Rhodes is obviously sulking a bit, refusing to meet Tony’s eye for the first part of this conversation. The framing here is interesting, because while Rhodes is in the centre of the shot, he still seems as if he is not the main point of attention. He’s at the end of the table, he’s briefly behind the stewardess, and Stark, while off to the right and only partially in shot, is still dominating the conversation. He does so by being condescending and rude, but you can’t help but think that this must simply be the dynamic of their relationship, otherwise Rhodes would not have been earlier describing Tony as his friend and “great mentor”. Tony, for his part, reaffirms an unseen apology in the most blasé and tone-neutral way possible, the only emotion perhaps being a brief hint of irritation that Rhodes has even dared to act affronted.
Even then, as the shot changes to take in Stark, it’s clear he doesn’t care that much. He wants to smile and be charming with the, all-female as we have suddenly come to realise, flight attendant staff. This shot also shows us that Stark is still wearing his stylish red sunglasses, indoors, almost as if he wants to draw the attention to him. A Stark family coat of arms adorns the wall of the plane to his right, a twin headed bird of some kind. The whole scene seems set up to make the place look like the castle-in-transit that Stark is the King of, his table, his attractive waiting staff, his hot towels.
Rhodes finally lets loose in a bit more substantial manner now:
You don’t respect yourself, so I know you don’t respect me.
I respect you.
I’m just your babysitter. So, when you need your diaper changed, let me know and I’ll get you a bottle, okay?
Rhodes is speaking very lowly here, but his eyes are locked on Tony and there’s no mistaking the annoyance in his voice at Tony’s attitude towards him. The “You don’t respect yourself” line is really interesting in a way, indicating that Stark maybe has some problems that we haven’t really seen too much of yet, unless Rhodes is just talking about his general lifestyle (which we have seen few signs Stark does not enjoy). Stark just ignores him, not even looking at Rhodes, continuing to pander to the stewardess. There is a definite feeling that this is the kind of conversation that these two have had before.
(to attendant) Hey! Heat up the sake, will you? (to Rhodes) Thanks for reminding me.
No, I’m not talking… We’re not drinking. We’re working right now.
You can’t have sashimi without sake.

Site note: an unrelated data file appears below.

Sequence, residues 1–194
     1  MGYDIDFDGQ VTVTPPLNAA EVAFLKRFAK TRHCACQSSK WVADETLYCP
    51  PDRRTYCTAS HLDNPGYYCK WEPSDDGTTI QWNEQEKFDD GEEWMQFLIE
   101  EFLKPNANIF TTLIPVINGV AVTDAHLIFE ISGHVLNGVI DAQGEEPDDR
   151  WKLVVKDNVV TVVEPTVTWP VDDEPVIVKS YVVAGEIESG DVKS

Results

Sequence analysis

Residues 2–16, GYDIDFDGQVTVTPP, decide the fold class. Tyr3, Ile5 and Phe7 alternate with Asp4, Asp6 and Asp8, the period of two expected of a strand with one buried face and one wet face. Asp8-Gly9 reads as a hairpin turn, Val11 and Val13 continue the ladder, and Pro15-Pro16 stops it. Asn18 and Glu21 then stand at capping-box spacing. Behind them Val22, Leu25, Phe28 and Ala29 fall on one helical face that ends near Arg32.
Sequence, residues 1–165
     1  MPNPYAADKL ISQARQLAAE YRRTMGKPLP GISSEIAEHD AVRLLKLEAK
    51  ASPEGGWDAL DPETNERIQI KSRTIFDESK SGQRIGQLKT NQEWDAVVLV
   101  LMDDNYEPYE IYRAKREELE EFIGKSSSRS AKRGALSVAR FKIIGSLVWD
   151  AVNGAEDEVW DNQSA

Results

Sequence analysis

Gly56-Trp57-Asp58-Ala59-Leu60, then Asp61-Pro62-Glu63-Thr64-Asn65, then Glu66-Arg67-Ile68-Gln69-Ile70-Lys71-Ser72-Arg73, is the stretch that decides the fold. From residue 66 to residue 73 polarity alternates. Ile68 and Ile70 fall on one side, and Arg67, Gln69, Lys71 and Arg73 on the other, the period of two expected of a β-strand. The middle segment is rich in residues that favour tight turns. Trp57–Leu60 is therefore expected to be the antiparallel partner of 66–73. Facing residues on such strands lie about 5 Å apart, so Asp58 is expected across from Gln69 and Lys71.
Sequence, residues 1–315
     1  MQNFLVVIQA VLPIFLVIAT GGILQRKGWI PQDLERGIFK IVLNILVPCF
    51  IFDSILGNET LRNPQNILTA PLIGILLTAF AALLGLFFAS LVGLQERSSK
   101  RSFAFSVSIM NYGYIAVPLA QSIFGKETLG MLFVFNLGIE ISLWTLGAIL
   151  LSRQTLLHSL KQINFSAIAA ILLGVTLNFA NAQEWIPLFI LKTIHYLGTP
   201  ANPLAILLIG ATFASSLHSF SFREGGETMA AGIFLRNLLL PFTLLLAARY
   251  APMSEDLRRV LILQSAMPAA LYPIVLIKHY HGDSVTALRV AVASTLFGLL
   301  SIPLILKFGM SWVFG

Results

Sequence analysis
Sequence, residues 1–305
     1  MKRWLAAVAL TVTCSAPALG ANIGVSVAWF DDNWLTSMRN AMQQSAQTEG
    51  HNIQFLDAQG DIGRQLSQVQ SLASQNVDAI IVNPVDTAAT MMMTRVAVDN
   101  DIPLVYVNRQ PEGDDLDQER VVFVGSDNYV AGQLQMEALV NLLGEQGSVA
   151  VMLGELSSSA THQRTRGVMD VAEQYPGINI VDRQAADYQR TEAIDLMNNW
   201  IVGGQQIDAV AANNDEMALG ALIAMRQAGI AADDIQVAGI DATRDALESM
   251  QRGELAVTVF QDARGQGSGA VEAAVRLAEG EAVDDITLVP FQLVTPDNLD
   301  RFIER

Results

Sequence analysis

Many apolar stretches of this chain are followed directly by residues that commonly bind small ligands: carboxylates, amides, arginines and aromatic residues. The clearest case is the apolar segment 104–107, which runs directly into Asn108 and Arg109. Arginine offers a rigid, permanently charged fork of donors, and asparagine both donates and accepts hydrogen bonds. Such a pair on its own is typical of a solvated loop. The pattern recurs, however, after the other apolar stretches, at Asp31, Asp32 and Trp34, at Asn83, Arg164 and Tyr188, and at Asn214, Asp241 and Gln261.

I really like this exchange. Stark’s already moving on from the unpleasantness, Rhodes’ words about his lack of respect washing over him without leaving any kind of a mark. Rhodes is aghast at the suggestion of having alcohol, and with no chance of getting Stark to see sense actually looks to the stewardesses for help, but they continue ignoring him, answering only to the whims of their lord and master.
We actually pan out more here, to take in the whole of the cabin. It has a bar to the right, and loads of space, as if we needed any more visual indications that we were in a rich man’s plaything, a mood heightened by the continuing moving back and forth of the stewardess, all dressed in the same fashion, same amount of leg being shown, same heels, same hairstyles.
You are constitutionally incapable of being responsible.
It’s would be irresponsible not to drink. I’m just talking about a nightcap.
Yes, two, please.
No. I’m not drinking. I don’t want any.
Rhodes continues being aghast at Stark’s intention to start drinking, but it’s far too late for that anyway. Tony has finally whipped off the sunglasses and looks at Rhodes directly, but it’s only because there is something that he needs Rhodes to do for him: he needs Rhodes to go along with the idea of imbibing alcohol despite the nature of their trip, and so he finally decides to engage with Rhodes properly. Rhodes is insistent that he doesn’t want any, always keeping that same low, consistent tone of firmness and annoyance in his voice.
But then a sudden cut and things have changed in a rather extreme way. Rhodes, missing his jacket and now with a bottle of sake in his hands, leans over Stark as the two sit on the aforementioned coach. Tony, a slightly dazed look on his face, has now moved onto to what looks like champagne. There are flashing lights and a hip-hop video playing in the background. The song itself is a rather dreadful offering from Ghostface Killah, apparently written for the film but kept off the OST. Some select lyrics:
Yo, when they kidnapped your boy, and forced me to do evil
I created an iron suit, to protect my people
Escaped, bound to be Ironman the great
The billionaire Tony Starks’ll renew your fate
Built Stark Towers, throw the biggest events
Got liquid, armor, I can paint all dents
Keep a few bad chicks, I ain’t your average hero
Movie premieres, catch me with the zam enginero
Six six eleven gold, playboy industrialist
Face of a ghost, mind of a technologist
Specialist, modern day speech slang therapist
Specialize in weapons, I can blow off terrorists
So, so don’t sleep big homey
Real recognize and I can see you phoneys
My weak heart can’t take it, got a life long sentence
Boy genius grown up, and I fight with a vengeance
Anyway, Rhodes is still pontificating to Stark, only now in a more intimate, slightly unhinged manner.
That’s what I’m talking about. When I get up in the morning and I’m putting on my uniform, you know what I recognise? I see in that mirror that every person that’s got this uniform on got my back!
Its standard US military fare of course, just a little sentimentalised by Rhodes’ slurred tone. Stark is barley paying attention and as the camera slowly pans back we see why: